destroyed five of tho Boveral bridges
which spanned the Stillwater river
and also swept away piers of the Co
lumbus Lnnd & Irrigation Company.
It was only by merest accident that
tho big bridge over the Yellowstone
at Columbus was prevented from be
ing swept out. Great damage was
dono to growing crops nnd a long
stretch of tho railroad track
Three Mors Deaths from Heat.
Pittsburg, June 26. Three more
deaths from heat occurred here yes
terday making a total of 14 fatalities
since Sunday evening.
NEWS FROM THE
CLUSt UOOH4 tO DISEASE.
Radical Order of Texas Classes Con
sumption With bmtbpOK.
Washington, Juno 2C. Federal
olUclaln having to do with tho regula
tion ami control of tho public health
with exerclned today to learn that
the public health officials of Texas
will soon Usui; a proclamation of per
manent (j ii n ro n 1 1 no ti g;il nut nil per
sons affected with tho advanced
stages of t uberculosln. Tho procla
mation will place tuberculosis In the
same category with small pox and
yellow fever, according to report, and
In being nniiod beeausij of tho In
creaned Immigration of tuberculosis
patients to tho dry climate of arid
It was sold hero that under the
Federal statutes tuberculosis Is not a
uuarsntliiiiblo disease, cither under
the maritime or Interstate Immigra
tion law, but Immigrants can now be
kept out of tho 1,'nited Htaten when
afflicted with tuberculosis, under the
new Immlgrntlon law. The opinion
wan given that It may bo dlfllcult to
sustain such a quarantine before tho
Hiipriiue Court under tho provision
of the constitution guaranteeing the
right of every citizen of the I'nlted
.States to go from one statu to an
In each rase tho state authorities
will be compelled to prove absolutely
that the person denied entrance to
Texan is suffering from tuberculosis
In the advanced stage, and the cost
of such a quarantine will be largo.
On the question of public policy In
volved In such a quarantine no opin
ion of ofllclals could be obtained for
publication, but It Is known to be
the opinion of some of tho Individual
experts that the study of tuberculosis
has progressed so far that a state of
quarantine Is unnecessary and that
Immigration of this kind might be
treated at tuberculosis colonies If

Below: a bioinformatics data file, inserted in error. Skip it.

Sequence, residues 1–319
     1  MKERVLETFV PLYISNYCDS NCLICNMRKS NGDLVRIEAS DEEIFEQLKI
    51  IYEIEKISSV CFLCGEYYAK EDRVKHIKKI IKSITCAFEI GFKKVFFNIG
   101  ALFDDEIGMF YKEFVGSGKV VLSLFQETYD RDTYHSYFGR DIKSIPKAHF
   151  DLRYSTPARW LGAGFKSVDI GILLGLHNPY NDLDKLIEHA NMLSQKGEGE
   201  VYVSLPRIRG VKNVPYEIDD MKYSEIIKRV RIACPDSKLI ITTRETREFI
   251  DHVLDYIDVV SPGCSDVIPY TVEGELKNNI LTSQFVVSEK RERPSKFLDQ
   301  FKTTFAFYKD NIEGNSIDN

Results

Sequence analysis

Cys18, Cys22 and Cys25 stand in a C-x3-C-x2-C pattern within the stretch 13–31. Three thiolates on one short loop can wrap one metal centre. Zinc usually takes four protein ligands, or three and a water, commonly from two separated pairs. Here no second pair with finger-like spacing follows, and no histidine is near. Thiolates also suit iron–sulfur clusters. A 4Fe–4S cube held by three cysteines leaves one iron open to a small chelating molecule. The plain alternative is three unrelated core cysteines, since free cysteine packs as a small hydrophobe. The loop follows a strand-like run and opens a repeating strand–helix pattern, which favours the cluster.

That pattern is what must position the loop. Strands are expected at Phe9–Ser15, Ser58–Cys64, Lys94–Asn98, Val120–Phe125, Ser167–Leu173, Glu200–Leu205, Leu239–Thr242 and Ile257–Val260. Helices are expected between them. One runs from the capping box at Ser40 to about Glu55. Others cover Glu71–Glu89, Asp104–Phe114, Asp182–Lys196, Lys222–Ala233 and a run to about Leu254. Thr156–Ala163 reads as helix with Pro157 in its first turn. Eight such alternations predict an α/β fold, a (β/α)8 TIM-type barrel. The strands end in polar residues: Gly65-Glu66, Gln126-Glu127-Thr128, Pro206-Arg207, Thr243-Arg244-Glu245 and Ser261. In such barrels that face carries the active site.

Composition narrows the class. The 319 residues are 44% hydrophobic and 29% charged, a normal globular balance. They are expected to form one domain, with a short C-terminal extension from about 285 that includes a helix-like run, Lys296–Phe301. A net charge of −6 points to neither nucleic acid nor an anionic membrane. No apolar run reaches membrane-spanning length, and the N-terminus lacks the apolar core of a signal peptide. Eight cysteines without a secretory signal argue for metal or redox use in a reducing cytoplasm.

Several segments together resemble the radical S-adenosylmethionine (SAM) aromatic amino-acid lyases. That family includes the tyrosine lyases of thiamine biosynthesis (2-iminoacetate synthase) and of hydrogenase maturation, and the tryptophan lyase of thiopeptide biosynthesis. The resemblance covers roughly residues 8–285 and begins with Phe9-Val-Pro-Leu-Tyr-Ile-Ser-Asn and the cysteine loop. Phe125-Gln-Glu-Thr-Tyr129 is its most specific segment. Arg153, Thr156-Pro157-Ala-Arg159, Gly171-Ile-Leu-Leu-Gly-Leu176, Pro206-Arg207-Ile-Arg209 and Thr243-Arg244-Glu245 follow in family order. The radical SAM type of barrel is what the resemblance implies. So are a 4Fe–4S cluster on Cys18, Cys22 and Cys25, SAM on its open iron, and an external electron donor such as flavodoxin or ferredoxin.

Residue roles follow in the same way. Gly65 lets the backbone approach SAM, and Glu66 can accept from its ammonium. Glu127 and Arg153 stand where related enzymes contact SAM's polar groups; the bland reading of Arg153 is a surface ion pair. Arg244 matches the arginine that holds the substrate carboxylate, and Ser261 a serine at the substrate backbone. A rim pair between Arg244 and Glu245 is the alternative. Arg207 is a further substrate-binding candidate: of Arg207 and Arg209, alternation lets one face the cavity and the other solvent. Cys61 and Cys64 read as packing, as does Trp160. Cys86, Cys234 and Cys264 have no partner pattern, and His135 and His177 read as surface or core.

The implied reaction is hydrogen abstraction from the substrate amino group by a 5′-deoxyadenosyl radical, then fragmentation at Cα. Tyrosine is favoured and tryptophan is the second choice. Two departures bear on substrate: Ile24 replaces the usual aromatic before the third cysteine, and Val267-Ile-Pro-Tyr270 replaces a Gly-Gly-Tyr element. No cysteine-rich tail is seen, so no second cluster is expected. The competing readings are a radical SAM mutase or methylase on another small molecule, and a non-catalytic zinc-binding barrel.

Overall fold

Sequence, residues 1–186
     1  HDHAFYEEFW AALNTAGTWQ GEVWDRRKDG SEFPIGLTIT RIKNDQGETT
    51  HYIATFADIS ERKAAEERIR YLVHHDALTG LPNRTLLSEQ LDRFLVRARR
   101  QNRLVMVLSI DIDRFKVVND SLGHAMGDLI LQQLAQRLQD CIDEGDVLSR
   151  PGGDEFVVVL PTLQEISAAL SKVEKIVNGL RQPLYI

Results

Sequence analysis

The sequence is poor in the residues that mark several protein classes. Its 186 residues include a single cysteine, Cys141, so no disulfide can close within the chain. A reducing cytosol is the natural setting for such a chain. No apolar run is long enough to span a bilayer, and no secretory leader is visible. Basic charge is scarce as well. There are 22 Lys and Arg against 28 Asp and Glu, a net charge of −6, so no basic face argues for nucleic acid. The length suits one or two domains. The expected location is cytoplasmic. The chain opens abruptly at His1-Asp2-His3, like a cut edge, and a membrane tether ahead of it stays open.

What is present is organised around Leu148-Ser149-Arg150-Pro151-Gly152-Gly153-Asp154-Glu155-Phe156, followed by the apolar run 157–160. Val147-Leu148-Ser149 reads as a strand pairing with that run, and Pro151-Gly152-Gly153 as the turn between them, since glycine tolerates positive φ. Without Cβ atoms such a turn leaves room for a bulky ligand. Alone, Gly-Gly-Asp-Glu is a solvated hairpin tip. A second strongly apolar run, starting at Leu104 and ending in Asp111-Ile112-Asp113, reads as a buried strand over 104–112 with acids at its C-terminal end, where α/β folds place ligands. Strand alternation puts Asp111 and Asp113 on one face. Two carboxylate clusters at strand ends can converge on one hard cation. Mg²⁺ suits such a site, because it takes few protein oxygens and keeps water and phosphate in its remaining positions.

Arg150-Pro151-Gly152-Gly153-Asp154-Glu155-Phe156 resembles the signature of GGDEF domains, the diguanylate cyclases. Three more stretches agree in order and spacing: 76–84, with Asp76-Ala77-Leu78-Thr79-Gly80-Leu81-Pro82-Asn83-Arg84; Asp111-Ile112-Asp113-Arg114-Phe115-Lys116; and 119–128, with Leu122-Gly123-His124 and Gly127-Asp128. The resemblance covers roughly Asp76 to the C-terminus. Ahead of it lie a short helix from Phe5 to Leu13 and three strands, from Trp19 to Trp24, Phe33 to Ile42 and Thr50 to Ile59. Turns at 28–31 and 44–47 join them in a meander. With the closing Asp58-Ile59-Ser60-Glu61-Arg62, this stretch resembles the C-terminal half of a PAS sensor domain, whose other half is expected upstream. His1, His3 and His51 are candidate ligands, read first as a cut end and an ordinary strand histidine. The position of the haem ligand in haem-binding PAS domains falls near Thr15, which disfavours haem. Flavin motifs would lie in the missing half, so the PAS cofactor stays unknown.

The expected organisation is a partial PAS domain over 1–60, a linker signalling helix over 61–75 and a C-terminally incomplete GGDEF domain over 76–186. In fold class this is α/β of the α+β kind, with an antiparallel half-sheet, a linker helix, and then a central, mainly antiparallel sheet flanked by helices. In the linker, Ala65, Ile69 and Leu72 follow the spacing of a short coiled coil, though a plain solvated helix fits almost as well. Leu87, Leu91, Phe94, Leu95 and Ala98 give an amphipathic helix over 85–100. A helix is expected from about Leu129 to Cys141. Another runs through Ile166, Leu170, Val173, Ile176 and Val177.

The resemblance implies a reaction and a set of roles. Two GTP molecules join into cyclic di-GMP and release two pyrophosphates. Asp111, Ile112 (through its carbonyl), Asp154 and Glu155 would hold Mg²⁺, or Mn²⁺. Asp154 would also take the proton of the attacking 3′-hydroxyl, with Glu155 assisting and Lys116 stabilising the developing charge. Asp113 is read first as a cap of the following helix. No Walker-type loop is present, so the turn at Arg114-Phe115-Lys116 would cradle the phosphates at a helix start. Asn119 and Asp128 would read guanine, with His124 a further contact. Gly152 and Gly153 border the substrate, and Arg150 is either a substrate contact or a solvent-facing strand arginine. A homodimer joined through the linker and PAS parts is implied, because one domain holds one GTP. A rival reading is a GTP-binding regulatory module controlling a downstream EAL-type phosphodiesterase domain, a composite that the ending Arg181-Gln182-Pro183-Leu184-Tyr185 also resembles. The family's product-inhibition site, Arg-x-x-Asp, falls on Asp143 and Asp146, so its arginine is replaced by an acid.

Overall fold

protective steps are necessary.
Tho Issue rained In Texas has
never been heard of before by Fed
eral officials, although Colorado a
few yearn ago agitated a somewhat
BUY UP SODlfcRS' CLAIMS.
Missouri Sharpers Plead Guilty to
Washington. Juno 25. Informa
tion was today received at the (Jen
eral Land Ofllce that I!. A. Jetter
and C. It. Van Tress, of Hutler, Mo.,
have pleaded guilty before tho
I'nlted States District Court for the
Western District of Missouri and
have been fined $1,000 each and sen
tenced to four months In jail for
conspiracy under section 5 110 of the
I'nlted States Revised Statutes.
These uien, In conjunction with
other persons, all of Hutler, Mo., at
the time of the opening of the Indian
reservation In South Dakota last
year, secured a number of soldiers'
declaratory statements, which, as
agents for the soldiers, they offered
for filing. At tho same time they
secured promises of relinquishments
of soldiers In case the soldiers were
lucky enough to draw a number, tho
Idea being to secure purchasers for
the soldiers' rkhts, nnd, it was
charged, defrauding the government
by cutting out bona fide entry.
The land ofllce has also been noti
fied that there is a similar scheme In
process of formation for the open
ing of tho land to be capable of irri
gation under the Huntley project in
tho Hillings, Mont., district, which
will soon be made available.
Lower Rate on Alcohol,
Washington, June 27. A curious
case wan. filed with the Interstate
Commerce Commission today by the
Railroad Commission of the State of
Oregon ngalnst the Northwestern
and llurlington Railways and sev
eral other lines. It appears that the
defendant lines charge the same rates
upon tho denatured alcohol from
Chicago to North Pacific terminal
points as they charge on other al
cohol. Hy reason of the high freight
rates the price of denatured alcohol
In Oregon is greatly Increased, as it
costs from 12 cents to 18 cents a
gallon to transport It.
"Cotton Leak" Trial Resumed.
Washington, Juno 26. The trial
of Kdwln S. Hllmes, former associate
statistician of tho Department of Ag
riculture, on the charge of divulging
the secret Information of the depart
ment, was resumed in the Criminal
Court today with Dr. C. C. Clark,
present assistant statistician, on the
stand. He identified a letter written
by Cotton Hroker II. T. Prince, of
New York, to the department, In
June, 1005. making inquiries con
cerning tho cotton crop report
Abandon Fort Assinn boine.J
Washington, Juno 27. As a pre
liminary step to the gradual aban
donment of Fort Assinnibolne, Mont.
Captain Honlface, of the Second Cav
alry, was relieved of duty as Con
structing Quartermaster at Fort As
sinnibolne and directed to turn over
the property for which he Is aecount-r-ble
to Lieutenant Howard G. Dan
iels. Julius Jacobs Dead.